13 Things I Learned in 2013 - Page 2 (Politics)
This year, I'm going to separate the lessons I learned into three categories: personal, political, and parenting. I know a lot of my readers tend to tune in for different reasons, which is fine. I don't expect everybody who is interested in my libertarian rants against climate policy to be just as interested in my review of Assassin's Creed III. This way, if you aren't interested in my politics, just skip page two. If you're sick of hearing me talk about being a parent, don't bother with the last page. Don't say I never did anything for you, dear reader.
Government Bureaucracy is Even More Incompetent than I Thought
|You're welcome, one guy who gets the joke|
Two of the biggest political stories of 2013 were the NSA leaks and the embarrasingly bad rollout of the Affordable Care Act. The NSA leaks reveal a closed-system bureaucracy that decides for itself what is acceptable and what is not, and the "oversight" is laughably lacking. The question is not whether the NSA spying techniques on American citizens is constitutional, but how we the people are supposed to stop this clearly unconstitutional abuse of power and the many others we probably don't know about. Trusting bureaucrats to check bureaucrats in a vacuum is ludicrous, and if there's one thing the FISA court's request denial rate (which ended 2012 at 11 out of 33,949, or roughly 0.03%) should teach us is that an invisible check on power is only slightly more stringent than a rubber stamp. But the NSA scandal, as a demonstration of bureaucratic incompetence, pales in comparison to the ACA rollout. It's not just the website--though spending over $600 million to build a website over the course of three years that doesn't work is certainly a perfect example of government efficiency--but also the way the disastrous launch, the millions of insurance cancellation letters, the pathetically low enrollment numbers, the utterly predictable insurance death spiral, the confusion over start dates, the potential security breaches, the exposed lies, the massive coverage drops, the sticker shock of much higher prices than promised, and more were handled. This was an unparalleled explosion of bureaucratic incompetence that shouldn't have come as a surprise--especially not to Libertarians like myself--but it was still staggering to witness just how bad it really was (and still is). At its most basic: the ACA was designed to make healthcare more affordable and have more people covered by insurance. To date, more people have lost insurance than have gained it, and healthcare costs have gone up, not down. Helluva job, Barry. But just wait, it's going to get a lot worse (unless something changes) when the employer mandate kicks in and hundreds of millions of people start to get cancellation notices and are forced to use the government website.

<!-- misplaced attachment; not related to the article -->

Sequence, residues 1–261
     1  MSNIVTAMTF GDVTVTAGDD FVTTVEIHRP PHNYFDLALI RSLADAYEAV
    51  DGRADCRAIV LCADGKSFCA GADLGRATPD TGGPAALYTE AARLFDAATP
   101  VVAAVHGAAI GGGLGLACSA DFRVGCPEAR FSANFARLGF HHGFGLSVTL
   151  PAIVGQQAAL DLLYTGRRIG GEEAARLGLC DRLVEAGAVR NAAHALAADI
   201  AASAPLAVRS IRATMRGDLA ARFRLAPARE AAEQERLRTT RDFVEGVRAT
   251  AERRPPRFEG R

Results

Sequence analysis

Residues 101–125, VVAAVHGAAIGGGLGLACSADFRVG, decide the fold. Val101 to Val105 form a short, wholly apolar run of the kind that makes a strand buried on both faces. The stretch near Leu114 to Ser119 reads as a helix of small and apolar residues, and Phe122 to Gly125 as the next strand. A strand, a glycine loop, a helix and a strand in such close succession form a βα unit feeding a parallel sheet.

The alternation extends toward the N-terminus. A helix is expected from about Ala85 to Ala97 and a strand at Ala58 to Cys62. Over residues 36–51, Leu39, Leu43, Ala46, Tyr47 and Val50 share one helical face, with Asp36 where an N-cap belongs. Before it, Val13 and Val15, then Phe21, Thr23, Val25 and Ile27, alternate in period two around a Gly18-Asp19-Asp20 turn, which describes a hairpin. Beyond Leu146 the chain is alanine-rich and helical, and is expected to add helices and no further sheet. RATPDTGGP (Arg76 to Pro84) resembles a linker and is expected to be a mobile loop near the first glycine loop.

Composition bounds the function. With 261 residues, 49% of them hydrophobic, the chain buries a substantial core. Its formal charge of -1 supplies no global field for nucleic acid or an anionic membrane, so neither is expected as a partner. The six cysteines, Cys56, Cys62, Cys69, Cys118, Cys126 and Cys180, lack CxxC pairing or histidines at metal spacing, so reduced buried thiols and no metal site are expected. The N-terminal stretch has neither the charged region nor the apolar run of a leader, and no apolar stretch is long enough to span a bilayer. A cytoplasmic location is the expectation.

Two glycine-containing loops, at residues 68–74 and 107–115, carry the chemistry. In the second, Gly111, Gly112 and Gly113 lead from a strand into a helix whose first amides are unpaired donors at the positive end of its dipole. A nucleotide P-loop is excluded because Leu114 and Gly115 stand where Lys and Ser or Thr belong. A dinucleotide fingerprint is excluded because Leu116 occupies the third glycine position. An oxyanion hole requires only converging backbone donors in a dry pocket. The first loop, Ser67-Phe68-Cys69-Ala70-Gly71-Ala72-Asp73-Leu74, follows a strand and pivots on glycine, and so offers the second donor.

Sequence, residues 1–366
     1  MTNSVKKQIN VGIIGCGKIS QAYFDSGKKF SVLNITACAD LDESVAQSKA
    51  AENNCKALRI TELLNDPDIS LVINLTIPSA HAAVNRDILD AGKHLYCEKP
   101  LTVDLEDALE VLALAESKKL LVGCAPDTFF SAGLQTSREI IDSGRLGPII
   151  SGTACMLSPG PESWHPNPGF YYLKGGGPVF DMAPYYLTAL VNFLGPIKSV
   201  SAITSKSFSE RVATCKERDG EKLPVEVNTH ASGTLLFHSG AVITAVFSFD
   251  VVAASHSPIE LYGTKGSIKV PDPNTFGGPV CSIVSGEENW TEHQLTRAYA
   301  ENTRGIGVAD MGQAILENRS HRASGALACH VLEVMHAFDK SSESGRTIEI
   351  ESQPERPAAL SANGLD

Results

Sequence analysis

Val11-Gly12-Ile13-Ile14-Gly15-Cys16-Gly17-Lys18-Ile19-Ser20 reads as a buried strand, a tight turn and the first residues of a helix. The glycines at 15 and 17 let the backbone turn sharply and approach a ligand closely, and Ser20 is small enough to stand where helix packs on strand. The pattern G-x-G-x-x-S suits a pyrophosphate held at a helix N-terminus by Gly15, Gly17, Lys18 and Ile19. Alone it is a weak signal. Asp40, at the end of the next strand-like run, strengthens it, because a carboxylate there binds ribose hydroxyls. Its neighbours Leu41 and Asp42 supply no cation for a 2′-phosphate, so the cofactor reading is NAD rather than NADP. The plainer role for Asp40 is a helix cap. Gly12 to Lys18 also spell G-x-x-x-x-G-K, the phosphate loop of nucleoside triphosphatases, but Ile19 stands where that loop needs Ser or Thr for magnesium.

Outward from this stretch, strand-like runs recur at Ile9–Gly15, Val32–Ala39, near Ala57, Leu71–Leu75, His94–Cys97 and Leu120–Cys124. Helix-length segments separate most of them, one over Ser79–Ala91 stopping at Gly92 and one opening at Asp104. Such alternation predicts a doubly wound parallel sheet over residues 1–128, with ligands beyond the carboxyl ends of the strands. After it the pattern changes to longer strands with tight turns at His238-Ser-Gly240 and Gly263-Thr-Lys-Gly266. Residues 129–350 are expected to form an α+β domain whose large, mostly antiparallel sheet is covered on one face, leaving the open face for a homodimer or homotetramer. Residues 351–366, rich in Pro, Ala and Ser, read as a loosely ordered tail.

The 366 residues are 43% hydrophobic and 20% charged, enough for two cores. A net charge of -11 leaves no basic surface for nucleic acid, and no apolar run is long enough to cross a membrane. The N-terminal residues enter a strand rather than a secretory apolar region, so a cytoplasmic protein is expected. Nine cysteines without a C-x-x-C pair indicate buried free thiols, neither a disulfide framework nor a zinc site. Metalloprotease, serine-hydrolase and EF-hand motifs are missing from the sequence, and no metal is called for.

Gun Control Statistics are Extremely Ambiguous
|If she doesn't know, I'm not gonna force the issue|
At the start of 2013, gun control was a hot topic. Depending on which news outlets or websites you consulted, the narratives about guns were wildly different. On one hand, you had people insisting that gun violence is out of control, that places with strict gun laws are safer than places without, and that we need to enact new regulations in order to curb the frightening rise of spree shootings and murder. On the other hand, you had people insisting that gun violence is actually on the decline, that places with heavy gun regulations are less safe than places where people can freely carry guns, and that the apparent rise in spree shootings is more of a media sensation, an artifact of greater attention, not greater frequency. In order to figure out which side was right--since there didn't seem to be very many opinions in the middle--I took it upon myself to look at the raw numbers and draw my own conclusions. The result? Both sides are wrong. There are no obvious patterns or trends in the numbers. Gun violence is on a slight decline, but the idea that there is any correlation between gun laws and gun violence is demonstrably false. The equation is far more complex than anybody wants you to believe, and it's going to take me a lot longer than one year to sort it out for myself.
Being Dubbed a Racist is Worse than Being a Baby Killer